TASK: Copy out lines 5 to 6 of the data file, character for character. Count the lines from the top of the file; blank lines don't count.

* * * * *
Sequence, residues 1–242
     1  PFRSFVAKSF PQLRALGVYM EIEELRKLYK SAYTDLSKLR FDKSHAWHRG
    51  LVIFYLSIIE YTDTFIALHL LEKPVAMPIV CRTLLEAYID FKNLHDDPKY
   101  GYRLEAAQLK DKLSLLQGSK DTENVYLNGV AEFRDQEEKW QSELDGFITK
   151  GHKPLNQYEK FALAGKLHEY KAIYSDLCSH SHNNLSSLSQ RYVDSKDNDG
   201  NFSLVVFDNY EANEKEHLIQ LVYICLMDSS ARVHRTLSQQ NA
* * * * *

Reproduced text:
   151  GHKPLNQYEK FALAGKLHEY KAIYSDLCSH SHNNLSSLSQ RYVDSKDNDG
   201  NFSLVVFDNY EANEKEHLIQ LVYICLMDSS ARVHRTLSQQ NA